I’ve never put one in a Ransom Rest and don’t know if the machine rest people ever even made an insert for the High Standard .22 revolver. However, I’ve learned as a rule of thumb that if five hand-held shots from the bench look and feel to the shooter as if they’ve gone off perfectly, measuring the best three will factor out human error sufficiently to get a very good approximation of what the same handgun will do from the Ransom for all five shots. By that standard, a Sentinel that hasn’t been too battered over the years should be good for 1-to 1.5-inch potential accuracy.
To achieve this, however, you want to experiment until you find the most compatible ammunition. Many technical tests in The Accurate Rifle and Precision Shooting attest to this fact in match grade .22 rifles, and it’s likewise true in recreational or target grade .22 rimfire handguns. Groups I shot with Remington .22 Long and Winchester .22 Long Rifle HP had stayed in the head of the International Practical Shooting Confederation target, but in disappointing four to five inch groups, when I shot my $75 Sentinel snubby. It was not until I switched to the Remington Thunderbolt that the five-shot group shrank to a magic inch and an eighth.
The Sentinel literally had a built-in grip adapter, to which Keith alluded in the first quote above. Interestingly, only Gaylord chose to fit a grip adapter to his Sentinels. Virtually every other specimen you see was left as is by its owner, testimony to a design that naturally fits the human hand.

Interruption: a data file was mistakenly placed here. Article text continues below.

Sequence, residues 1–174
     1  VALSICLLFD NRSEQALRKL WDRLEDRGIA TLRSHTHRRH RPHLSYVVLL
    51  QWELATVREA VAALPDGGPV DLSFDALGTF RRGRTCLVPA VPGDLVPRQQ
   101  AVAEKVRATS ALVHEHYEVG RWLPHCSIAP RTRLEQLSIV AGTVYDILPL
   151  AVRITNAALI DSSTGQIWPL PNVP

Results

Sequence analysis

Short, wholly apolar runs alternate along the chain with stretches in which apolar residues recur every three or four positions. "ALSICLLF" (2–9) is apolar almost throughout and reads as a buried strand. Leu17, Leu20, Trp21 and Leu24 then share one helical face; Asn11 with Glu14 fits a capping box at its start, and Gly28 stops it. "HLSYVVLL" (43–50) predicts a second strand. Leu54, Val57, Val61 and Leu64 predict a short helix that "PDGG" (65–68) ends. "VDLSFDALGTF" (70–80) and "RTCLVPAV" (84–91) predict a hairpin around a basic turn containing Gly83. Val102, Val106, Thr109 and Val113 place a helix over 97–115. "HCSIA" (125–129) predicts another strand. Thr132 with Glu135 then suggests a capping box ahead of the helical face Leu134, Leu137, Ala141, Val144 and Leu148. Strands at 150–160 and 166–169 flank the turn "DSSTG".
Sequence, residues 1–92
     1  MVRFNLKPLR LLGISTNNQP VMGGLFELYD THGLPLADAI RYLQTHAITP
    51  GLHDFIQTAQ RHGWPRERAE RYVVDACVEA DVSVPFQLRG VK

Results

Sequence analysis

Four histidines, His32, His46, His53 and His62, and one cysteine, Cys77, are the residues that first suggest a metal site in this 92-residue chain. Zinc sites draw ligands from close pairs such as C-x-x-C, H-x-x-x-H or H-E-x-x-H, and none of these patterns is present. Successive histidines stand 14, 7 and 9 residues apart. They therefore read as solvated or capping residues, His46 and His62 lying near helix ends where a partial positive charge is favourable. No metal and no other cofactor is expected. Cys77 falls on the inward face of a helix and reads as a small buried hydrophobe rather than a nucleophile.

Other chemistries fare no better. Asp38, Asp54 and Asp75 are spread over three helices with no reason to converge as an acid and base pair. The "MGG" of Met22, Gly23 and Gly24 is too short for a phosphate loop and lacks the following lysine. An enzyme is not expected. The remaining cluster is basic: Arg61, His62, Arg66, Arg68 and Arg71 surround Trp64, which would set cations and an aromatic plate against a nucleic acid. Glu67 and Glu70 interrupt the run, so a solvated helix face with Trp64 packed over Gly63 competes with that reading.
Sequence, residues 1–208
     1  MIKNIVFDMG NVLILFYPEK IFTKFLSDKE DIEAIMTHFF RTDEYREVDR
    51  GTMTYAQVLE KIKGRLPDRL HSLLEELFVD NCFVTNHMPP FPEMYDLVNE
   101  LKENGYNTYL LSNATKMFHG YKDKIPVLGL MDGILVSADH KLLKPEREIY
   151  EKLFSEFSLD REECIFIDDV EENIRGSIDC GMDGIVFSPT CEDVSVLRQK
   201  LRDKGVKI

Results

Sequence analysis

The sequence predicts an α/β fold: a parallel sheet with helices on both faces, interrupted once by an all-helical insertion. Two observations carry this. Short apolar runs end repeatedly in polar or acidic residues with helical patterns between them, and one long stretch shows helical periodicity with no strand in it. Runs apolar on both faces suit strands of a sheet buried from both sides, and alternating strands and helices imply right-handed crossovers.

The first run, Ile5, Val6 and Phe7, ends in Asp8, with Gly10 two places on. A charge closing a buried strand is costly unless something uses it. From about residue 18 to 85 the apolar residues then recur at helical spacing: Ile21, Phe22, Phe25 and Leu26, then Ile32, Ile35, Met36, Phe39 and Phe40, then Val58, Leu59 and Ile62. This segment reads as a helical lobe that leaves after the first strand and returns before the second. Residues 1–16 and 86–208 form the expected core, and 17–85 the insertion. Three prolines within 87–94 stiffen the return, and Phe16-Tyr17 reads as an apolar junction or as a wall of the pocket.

If you have to pull your head back to see a full field or prevent the ocular ring from dinging your brow, your rifle scope is mounted too far back. Check out these tips on how to scope a rifle.
Many hunters mount their scopes too far back. They install it on a table or a shooting bench, not in the woods after a fast shot at a whitetail or on the steeps following an uphill poke at a ram. When you fire at game, you’ll likely lean into the sight; prone, sitting, and uphill shots put your face even closer to the sight. If you must pull your head back to see a full field or prevent the ocular ring from dinging your brow, the scope is too far back.
The scope must be mounted so aim comes naturally and immediately from a range of field positions; you see a full field at first glance, as soon as the stock hits your cheek. So, as you mount the scope, snug the rings gently, then throw the rifle up as if snap-shooting. Kneel, sit, flop prone on the ground. Chances are you’ll push that tube forward before you tighten those screws!
This excerpt is from Gun Digest Shooter's Guide to Rifles by Wayne van Zwoll.
Cartridge identification is important to anyone who works with ammunition cartridges, whether it's reloading or collecting. While it isn't foolproof, often the easiest way to identify a cartridge is to look at the headstamp, if there is one, because in many instances that will tell you exactly what it is.
The headstamp is the stamped markings on the head of the cartridge. Information that can be obtained from the headstamp is extremely varied and depends on the intended purpose or use of the cartridge and who manufactured it. Headstamps consist of one or more parts or information elements. Cartridges intended for sporting or civilian use usually have two elements; one identifies the specific chambering, the other identifies the manufacturer. Military cartridges can have from one to five elements, including cartridge, date and place of manufacture plus other identifying markings.